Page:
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Red imported fire ants (RIFA) are tiny stinging insects, native to South America, that can also be found in predominantly subtropical southern states in the United States. They’ve become increasingly problematic to human health since the mid 20th century when international cargo introduced RIFA to the US.
Fire ants were named after the burning sensation inflicted from toxic venom injected through their abdomen. This is especially painful the more fire ants there are. RIFA are of the genus Solenopsis invicta, invicta meaning “undefeated” in Latin. This invasive insect has adapted extraordinary survival skills that both fascinate and baffle scientists and engineers alike.
What makes these tiny invaders so interesting is their ability to take on liquid and solid form in groups. Fire ants protect themselves and their queen from harsh weather by instinctively linking legs to form large structures which are often referred to as rafts. Though these creatures are small, their grip is mighty.
Fire ants are land insects by nature, commonly found in yards, playgrounds, and even the infrastructure of homes. But when hurricanes and flash floods force them from their underground tunnels, thousands of fire ants—an entire colony—form floating clusters where they can continue to colonize as drifters for miles until they reach land. They can survive this way for weeks!
What’s more, it’s nearly impossible for fire ants to drown because of their waxy exoskeletons and small hairs that collect air bubbles. This, paired with skillful mechanical properties, makes floating fire ants practically waterproof. These expert survivalists are bonded so closely together that air bubbles can’t escape when fully submerged in water. Those air bubbles then serve as an oxygen supply until the ants reemerge. If a straggler falls off the raft, it simply rides an air bubble to the surface where it reconnects with the rest of the colony.
RIFA are incredibly strong and move harmoniously as one unit, disbanding and building bridges as needed for survival. In fact, they’ve been known to form towers for height and can push through any material similar to syrup or mud. Fire ants also possess elastic properties that keep them together, bouncing immediately back after an impact or pressure. This resilience is what prevents injury and separation.
See these behaviors in action here:
While the science behind these structures is undoubtedly fascinating, floating fire ants threaten human and pet welfare. They deliver a dangerous, venomous sting, which in extreme cases can result in anaphylactic shock.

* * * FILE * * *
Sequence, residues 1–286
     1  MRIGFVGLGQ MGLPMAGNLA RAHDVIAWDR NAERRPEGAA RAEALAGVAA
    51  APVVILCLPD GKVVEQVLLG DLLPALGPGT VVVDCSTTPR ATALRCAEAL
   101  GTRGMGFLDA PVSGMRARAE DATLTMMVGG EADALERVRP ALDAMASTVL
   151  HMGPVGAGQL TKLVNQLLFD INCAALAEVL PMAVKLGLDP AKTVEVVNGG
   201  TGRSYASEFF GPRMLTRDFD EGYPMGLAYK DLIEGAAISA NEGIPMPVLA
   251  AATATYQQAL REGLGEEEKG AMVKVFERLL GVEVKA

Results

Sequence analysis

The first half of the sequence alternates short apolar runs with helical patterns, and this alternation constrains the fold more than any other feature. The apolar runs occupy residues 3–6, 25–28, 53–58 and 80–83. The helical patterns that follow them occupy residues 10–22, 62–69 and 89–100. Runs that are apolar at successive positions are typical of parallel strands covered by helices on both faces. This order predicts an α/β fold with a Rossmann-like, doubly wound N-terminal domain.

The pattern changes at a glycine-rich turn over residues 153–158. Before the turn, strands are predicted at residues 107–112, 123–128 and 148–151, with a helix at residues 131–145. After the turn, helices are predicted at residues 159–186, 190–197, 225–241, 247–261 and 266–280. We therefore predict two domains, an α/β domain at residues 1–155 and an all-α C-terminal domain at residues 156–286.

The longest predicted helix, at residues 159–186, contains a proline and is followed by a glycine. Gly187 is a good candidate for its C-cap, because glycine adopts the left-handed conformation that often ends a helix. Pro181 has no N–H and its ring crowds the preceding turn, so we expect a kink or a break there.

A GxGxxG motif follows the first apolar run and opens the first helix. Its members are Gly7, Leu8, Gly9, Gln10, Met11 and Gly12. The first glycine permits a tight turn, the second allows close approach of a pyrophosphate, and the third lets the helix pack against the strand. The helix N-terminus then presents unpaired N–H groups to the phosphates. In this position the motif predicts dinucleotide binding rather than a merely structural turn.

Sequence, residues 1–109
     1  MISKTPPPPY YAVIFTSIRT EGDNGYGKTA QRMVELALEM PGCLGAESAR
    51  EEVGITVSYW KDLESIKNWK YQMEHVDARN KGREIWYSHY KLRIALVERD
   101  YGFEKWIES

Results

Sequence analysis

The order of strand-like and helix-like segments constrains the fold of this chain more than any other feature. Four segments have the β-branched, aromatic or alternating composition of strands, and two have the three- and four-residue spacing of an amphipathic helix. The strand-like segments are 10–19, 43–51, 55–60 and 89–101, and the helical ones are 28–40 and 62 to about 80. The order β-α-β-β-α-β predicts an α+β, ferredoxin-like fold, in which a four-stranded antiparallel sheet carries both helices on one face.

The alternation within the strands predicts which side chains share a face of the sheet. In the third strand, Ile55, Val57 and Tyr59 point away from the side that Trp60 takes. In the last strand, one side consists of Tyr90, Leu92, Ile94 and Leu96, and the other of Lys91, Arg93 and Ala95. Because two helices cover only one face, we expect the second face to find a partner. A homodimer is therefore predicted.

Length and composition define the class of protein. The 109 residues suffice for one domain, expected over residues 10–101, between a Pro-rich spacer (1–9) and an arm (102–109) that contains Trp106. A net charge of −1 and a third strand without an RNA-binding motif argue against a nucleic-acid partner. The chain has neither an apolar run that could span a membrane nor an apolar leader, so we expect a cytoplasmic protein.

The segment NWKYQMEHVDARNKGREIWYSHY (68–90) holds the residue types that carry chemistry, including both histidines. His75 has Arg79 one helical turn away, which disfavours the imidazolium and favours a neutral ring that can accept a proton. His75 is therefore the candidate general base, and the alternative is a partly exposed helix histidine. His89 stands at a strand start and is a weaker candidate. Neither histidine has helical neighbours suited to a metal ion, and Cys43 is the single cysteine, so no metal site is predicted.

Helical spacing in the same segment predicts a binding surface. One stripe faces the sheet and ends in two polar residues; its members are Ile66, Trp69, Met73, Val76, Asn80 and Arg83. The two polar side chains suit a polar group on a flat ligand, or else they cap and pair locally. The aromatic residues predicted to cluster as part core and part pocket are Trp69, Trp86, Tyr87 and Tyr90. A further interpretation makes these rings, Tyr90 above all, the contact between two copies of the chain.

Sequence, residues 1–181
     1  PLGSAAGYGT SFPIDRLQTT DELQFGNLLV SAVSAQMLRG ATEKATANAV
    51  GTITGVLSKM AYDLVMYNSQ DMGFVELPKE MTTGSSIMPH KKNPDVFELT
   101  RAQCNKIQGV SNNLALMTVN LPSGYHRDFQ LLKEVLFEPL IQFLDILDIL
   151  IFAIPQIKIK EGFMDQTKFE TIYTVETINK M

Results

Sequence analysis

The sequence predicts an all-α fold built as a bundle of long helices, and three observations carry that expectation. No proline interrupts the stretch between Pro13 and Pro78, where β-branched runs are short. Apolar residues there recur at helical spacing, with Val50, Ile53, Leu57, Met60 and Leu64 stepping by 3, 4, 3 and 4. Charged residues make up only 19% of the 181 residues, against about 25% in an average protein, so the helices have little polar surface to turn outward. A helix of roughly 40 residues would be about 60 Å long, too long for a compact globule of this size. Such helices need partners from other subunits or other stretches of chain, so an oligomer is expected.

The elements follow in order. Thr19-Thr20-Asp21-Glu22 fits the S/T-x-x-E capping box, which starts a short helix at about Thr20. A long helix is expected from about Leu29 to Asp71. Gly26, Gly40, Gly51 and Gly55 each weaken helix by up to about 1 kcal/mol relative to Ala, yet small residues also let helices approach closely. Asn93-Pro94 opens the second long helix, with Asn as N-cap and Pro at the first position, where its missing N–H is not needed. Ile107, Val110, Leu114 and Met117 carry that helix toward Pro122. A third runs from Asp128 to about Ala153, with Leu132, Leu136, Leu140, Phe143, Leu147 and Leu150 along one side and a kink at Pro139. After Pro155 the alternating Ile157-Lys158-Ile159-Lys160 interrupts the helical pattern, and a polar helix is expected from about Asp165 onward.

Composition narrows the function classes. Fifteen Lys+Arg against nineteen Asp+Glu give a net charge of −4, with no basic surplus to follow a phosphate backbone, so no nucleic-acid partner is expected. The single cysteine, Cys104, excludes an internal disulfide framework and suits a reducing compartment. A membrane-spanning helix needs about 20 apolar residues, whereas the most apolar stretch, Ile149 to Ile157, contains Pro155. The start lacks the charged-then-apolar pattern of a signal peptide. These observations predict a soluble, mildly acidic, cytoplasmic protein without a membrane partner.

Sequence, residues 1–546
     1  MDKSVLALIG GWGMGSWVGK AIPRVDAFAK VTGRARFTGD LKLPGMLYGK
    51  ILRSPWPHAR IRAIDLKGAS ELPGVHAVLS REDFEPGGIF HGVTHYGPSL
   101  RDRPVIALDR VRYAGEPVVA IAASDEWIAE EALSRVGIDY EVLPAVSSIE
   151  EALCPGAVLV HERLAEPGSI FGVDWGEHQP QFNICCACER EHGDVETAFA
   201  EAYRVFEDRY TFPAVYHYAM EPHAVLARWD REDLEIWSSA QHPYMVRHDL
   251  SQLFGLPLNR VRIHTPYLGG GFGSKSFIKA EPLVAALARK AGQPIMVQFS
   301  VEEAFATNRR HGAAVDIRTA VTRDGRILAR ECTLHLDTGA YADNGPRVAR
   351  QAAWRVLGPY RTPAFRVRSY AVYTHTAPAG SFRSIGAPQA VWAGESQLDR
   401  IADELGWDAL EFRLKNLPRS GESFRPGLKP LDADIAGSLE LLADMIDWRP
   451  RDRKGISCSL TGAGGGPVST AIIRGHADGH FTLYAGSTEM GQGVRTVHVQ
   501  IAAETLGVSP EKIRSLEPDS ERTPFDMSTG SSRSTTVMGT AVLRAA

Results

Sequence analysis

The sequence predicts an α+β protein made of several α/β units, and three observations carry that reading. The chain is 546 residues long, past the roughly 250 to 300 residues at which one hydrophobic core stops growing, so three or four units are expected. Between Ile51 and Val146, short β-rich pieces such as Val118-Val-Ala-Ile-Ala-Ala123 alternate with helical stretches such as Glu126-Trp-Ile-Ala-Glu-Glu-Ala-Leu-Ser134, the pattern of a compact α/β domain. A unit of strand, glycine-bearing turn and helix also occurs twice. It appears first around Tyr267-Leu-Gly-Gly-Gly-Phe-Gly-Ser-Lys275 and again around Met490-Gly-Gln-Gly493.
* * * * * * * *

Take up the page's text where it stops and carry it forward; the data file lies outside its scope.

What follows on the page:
At first glance, a raft of fire ants floating on the surface of floodwater appears to be nothing more than leftover debris from a tropical storm. This natural ability to blend in makes them experts at deception, which is ironic because fire ants are blind. They rely on their other senses to latch onto safety. This is particularly problematic for anyone swimming in or wading through fire ant-infested water, including family pets.
Floating fire ant rafts often find their way into piles of debris. This is a particular concern in the aftermath of hurricanes and major floods. In times such as these, people take to boats to navigate the floodwaters. But fire ants are looking to escape the water too. In search of solid ground, fire ants may climb onto boats or paddles and then find their way to you. Wizzie Brown, program specialist at the Texas A&M AgriLife Extension Service said of floating fire ants, “The unfortunate thing is they don’t care what it is that’s dry…if it’s a house that they hit and there are people on the roof stranded, they will go up there as well because that’s them trying to escape the floodwaters.”
Hurricane rescue and cleanup crews battle a number of hazardous conditions in murky waters such as snakes, sharp objects, and fallen electrical lines. Floating fire ants only amplify stress and increase public safety concern. Homeowners can take precautionary measures to lower the fire ant population before a tropical storm hits. Keep your family and pets safe this season by calling Ehrlich for a free quote at 888 984 0186.
The best advice to follow when encountering a raft of RIFA is to avoid contact altogether. Don’t attempt to drown or separate a colony because they will cling desperately to anything for shelter. Remember, their sole purpose is to protect the queen, so RIFA will move quickly out of devastation and sting every step of the way. If you see this around your home, you should consult an ant control expert.
Fortunately, colonies of fire ants forming around your home are preventable, before and after flooding. Contact the experts at Ehrlich today for safe removal.